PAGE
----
Change of Fortune

By: Jen Smith

Bred in Kentucky by Godolphin, Change of Fortune had the genetic makings of a promising racehorse. The son of Pioneerof the Nile and out of multiple graded stakes winner Better Lucky–who earned over $1.2 million–Surely Change of Fortune was bound for the winner’s circle too.

As a 2-year-old, the colt began training with Mike Stidham in Delaware, but his lack of interest in racing led the Godolphin team to reevaluate the young Thoroughbred’s future. 

“Rather than push him to do something he clearly did not want to do, we elected to retire him and move him into a second career,” said Godolphin Sales Manager, Emma Browne Lovatt. “So, I facilitated his retirement and rehoming.” 

Change of Fortune left Delaware and headed to Thoroughbred Aftercare Alliance (TAA)-accredited CANTER Kentucky’s Liftoff Equestrian facility. After arriving back in the bluegrass state in October of 2021, it did not take long for the little bay gelding to find his true calling.

Just two short months later, Change of Fortune, now known as ‘Fortune,’ was introduced to Nathan Bradley. A trainer at BC Stables & Training Center in Fair Grove, Missouri, Bradley was searching for a mount for the 2022 RRP Thoroughbred Makeover.

 

“I found CANTER Kentucky through my boss, Tim Brock,” Bradley said. “He competed in the RRP Thoroughbred Makeover in 2019 and had acquired his horse with the help of Ashley Watts and CANTER Kentucky– so this year she helped us again.” 

Bradley took to Fortune for a variety of reasons, citing the gelding’s size as what initially stood out– at just three-years-old he is already 16 hands. Ultimately, it was Fortune’s personality that sealed the deal for Bradley.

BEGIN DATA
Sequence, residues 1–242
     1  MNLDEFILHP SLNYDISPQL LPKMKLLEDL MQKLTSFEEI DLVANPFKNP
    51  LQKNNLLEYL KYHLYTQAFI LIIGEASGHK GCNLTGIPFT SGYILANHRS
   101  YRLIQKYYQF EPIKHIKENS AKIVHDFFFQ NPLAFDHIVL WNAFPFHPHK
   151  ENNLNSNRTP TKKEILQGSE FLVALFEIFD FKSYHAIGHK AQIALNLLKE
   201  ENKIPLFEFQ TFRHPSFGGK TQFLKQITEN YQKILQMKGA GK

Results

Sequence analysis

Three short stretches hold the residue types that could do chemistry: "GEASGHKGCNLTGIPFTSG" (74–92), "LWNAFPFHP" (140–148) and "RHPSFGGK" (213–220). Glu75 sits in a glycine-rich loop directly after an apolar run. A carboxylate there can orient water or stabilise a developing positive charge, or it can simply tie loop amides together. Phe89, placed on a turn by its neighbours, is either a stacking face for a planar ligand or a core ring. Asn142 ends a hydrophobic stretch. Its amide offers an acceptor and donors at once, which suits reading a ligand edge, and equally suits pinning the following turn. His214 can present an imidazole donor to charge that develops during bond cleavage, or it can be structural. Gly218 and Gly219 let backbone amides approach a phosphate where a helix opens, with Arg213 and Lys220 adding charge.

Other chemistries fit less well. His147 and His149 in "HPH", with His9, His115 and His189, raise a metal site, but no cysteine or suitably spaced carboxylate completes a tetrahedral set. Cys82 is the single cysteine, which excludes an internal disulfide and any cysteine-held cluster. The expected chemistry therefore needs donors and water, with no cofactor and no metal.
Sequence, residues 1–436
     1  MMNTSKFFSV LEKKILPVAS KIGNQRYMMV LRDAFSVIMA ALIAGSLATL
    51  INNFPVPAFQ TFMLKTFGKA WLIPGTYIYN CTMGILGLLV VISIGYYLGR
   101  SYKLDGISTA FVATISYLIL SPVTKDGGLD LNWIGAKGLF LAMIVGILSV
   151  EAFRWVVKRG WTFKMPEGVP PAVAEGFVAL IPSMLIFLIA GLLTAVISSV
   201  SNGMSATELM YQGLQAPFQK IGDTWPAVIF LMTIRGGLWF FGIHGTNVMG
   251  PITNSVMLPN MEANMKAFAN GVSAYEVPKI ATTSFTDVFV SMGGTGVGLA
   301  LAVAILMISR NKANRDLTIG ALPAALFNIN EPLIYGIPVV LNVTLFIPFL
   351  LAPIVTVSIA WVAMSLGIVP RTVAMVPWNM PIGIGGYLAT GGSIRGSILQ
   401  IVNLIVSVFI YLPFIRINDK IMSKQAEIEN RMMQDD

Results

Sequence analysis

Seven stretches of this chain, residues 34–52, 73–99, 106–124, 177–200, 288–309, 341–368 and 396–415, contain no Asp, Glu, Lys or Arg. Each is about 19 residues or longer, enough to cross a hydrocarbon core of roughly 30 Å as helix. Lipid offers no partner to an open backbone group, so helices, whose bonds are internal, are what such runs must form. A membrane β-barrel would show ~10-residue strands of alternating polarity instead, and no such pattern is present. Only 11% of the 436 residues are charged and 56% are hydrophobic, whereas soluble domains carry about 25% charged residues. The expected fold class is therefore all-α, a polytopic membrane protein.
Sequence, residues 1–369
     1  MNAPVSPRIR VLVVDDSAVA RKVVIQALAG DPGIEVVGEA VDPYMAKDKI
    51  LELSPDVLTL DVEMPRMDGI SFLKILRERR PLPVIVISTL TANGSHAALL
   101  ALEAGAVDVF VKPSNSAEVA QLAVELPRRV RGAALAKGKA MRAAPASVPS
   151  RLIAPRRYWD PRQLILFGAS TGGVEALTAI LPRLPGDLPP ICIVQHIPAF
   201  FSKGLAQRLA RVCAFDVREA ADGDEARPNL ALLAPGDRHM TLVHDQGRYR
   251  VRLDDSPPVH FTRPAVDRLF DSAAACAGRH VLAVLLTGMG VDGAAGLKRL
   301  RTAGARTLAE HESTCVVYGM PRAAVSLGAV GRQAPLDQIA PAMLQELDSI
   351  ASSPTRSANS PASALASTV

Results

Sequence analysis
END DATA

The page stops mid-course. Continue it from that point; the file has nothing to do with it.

“There are a lot of great things about Fortune,” Bradley said. “His general demeanor and attitude are so great, he’s a quiet horse who loves attention. Not to mention he’s a beautiful mover and just all around a cool horse.”

Fortune’s laid-back personality made him the ideal candidate for Bradley, who plans to showcase the gelding’s new skills in the Western Dressage and Ranch Work divisions at the makeover later this year.  

“I want him to be as comfortable as possible in as many different situations as possible,” said Bradley.  “So that when we reach October, he’s been prepared the best I can to be put into that scenario.”

Since bringing Fortune home last December, the duo made their competitive debut at a local trail trial, which proved to be a lot of fun for the Thoroughbred. 

“His retraining is going amazing,” Bradley said. “He’s a super quick learner and eager horse. He just wants to do everything he can to please and it’s been a lot of fun working with him. I’m looking forward to entering him into more shows over the rest of Spring and Summer.” 

Although Fortune won’t be following in the hoof-prints of his bloodlines capturing the hearts of racing fans, he certainly has captured the heart of his adopter.

“He’s such a cool horse and a big teddy bear,” he said. “I go out to catch him and just ride him bareback to and from the pasture, he’s a super sweet gelding.” 

IMAGES: Photography by Karin